Former Egyptian President Hosni Mubarak, center, arrives with his sons Alaa, left, and Gamal, right, to testify, in a courtroom at the National Police Academy in Cairo Image Credit: AP

Cairo: Two protagonists of Egypt's recent history faced each other in court on Wednesday, with toppled strongman Hosni Mubarak testifying for the first time against the Muslim Brotherhood's jailed former president, Mohammad Mursi.

Mubarak, 90, gave evidence for an hour and a half at the high-security prison complex in southern Cairo where Mursi is detained.

Mursi was dressed in prison overalls and seated in a thick glass and metal cage running down one side of the courtroom, like other senior figures of the Brotherhood who are defendants in the case.

Mubarak looked alert and partially grey-haired as he answered questions posed by Mohammad Sherine, the chief judge of the court session held at a police institution for security reasons.

Mubarak told the court that in the early days of the 2011 uprising, the then chief of the intelligence service Omar Sulaiman informed him that around 800 gunmen had infiltrated from Gaza Strip through tunnels into Egypt in order to help the Muslim Brotherhood in “fomenting chaos” in the country.

“The infiltrators attacked prisons and police stations. They attacked squares and opened fire from the tops of buildings,” Mubarak told the court in a televised session.

He added the infiltrators had broken into prisons and freed inmates belonging to the Brotherhood, Hamas and the Lebanese Hezbollah movement at the time when the country’s security system collapsed.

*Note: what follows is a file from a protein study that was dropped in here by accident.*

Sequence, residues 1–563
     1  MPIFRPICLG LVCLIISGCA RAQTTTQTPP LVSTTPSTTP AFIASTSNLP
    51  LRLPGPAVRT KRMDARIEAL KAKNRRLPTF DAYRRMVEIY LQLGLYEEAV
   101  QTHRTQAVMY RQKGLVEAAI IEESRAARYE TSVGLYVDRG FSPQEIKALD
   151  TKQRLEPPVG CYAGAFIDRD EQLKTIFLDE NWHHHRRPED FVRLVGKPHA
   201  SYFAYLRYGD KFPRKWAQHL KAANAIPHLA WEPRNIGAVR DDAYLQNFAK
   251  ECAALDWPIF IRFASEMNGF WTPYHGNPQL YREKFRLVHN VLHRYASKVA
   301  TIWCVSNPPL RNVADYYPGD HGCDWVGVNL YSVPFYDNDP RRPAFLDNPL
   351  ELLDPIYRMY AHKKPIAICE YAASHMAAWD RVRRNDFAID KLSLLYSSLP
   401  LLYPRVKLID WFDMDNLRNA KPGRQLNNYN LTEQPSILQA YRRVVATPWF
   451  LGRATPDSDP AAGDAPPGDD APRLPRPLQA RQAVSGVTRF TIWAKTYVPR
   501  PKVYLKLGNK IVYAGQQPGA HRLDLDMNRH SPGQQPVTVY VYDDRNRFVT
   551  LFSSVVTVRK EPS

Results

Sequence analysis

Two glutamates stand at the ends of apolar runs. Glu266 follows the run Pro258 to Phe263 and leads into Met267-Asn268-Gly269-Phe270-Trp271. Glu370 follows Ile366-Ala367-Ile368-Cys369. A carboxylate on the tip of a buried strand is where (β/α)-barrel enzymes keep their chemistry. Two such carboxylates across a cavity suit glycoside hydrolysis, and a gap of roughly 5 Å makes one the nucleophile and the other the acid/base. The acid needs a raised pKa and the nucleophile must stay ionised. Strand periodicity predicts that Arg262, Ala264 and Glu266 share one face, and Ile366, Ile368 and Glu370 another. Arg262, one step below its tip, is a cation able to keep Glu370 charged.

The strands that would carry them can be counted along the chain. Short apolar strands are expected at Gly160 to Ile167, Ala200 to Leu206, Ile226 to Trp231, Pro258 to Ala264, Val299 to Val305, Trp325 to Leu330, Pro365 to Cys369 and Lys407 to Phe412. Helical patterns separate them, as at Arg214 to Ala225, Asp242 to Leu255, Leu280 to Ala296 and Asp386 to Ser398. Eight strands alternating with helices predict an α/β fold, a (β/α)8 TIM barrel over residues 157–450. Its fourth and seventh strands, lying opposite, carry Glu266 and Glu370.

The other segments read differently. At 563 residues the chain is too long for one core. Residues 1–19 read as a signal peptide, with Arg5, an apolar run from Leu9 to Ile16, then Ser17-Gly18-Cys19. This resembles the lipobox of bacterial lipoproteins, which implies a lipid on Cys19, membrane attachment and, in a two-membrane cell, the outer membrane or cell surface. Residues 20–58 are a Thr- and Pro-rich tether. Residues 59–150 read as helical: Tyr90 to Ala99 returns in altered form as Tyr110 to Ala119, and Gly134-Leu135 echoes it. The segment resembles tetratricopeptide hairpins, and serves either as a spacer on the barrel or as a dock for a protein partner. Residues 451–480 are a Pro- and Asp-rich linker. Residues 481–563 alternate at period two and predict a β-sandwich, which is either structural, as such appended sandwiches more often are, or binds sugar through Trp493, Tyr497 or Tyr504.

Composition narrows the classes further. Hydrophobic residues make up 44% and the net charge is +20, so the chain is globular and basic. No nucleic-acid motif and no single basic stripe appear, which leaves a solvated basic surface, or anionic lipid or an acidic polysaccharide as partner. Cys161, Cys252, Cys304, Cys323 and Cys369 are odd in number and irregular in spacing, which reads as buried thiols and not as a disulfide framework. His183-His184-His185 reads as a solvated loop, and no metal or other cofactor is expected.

The hearing was part of a retrial in which Mursi and others are accused of orchestrating prison breaks and breaches of Egypt's eastern border during the uprising that forced Mubarak from power in February 2011.

A visibly frail Mubarak, who was given a chair at the witness stand due to his age, was asked dozens of questions by the judge about security developments as the uprising against his 30-year rule gathered pace.

Mubarak declined to answer some questions without permission from the army saying they are related to Egypt’s national security.

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“Get me permission and I’ll tell you everything,” he addressed the presiding judge.

Mubarak was himself jailed for six years following the revolution, appearing bed-bound in a courtroom cage and receiving a life prison term for conspiring to kill demonstrators. He was freed after the final charges against him were dropped in March last year.

The former president has rarely been seen in public since March 2017.

His court appearance marked Mubarak’s first encounter with Mursi, an Islamist who was ousted by the army in mid-2013 following enormous protests against his rule. Mursi and 27 other defendants mostly from his now-outlawed Muslim Brotherhood are charged with orchestrating a mass jail escape during the chaos that followed the anti-Mubarak revolt. Some fugitives included members of Hamas and the Iran-allied Hezbollah movement, who were imprisoned in Egypt at the time.

In June 2015, a criminal court sentenced Mursi and other co-defendants including the Brotherhood head Mohammad Badie to death in this case. In November 2016, the Court of Cassation, Egypt’s top appeals tribunal, overturned the verdicts and ordered a retrial that started in March.